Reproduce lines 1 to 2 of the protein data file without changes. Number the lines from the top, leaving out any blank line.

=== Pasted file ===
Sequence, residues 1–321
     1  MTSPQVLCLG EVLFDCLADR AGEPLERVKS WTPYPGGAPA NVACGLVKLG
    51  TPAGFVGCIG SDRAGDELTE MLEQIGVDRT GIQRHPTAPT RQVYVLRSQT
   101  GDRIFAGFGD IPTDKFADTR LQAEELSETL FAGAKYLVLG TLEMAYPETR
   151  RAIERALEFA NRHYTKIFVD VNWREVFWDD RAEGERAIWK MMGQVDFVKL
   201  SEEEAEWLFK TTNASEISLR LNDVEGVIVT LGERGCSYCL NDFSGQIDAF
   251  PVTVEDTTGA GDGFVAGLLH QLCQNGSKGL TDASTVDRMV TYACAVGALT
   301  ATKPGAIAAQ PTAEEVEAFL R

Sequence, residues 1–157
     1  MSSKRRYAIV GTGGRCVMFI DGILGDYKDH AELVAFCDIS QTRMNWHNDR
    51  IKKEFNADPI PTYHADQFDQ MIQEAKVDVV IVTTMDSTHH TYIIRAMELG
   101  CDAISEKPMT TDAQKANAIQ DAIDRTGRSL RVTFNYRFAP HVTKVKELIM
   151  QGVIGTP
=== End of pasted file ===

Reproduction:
Sequence, residues 1–321
     1  MTSPQVLCLG EVLFDCLADR AGEPLERVKS WTPYPGGAPA NVACGLVKLG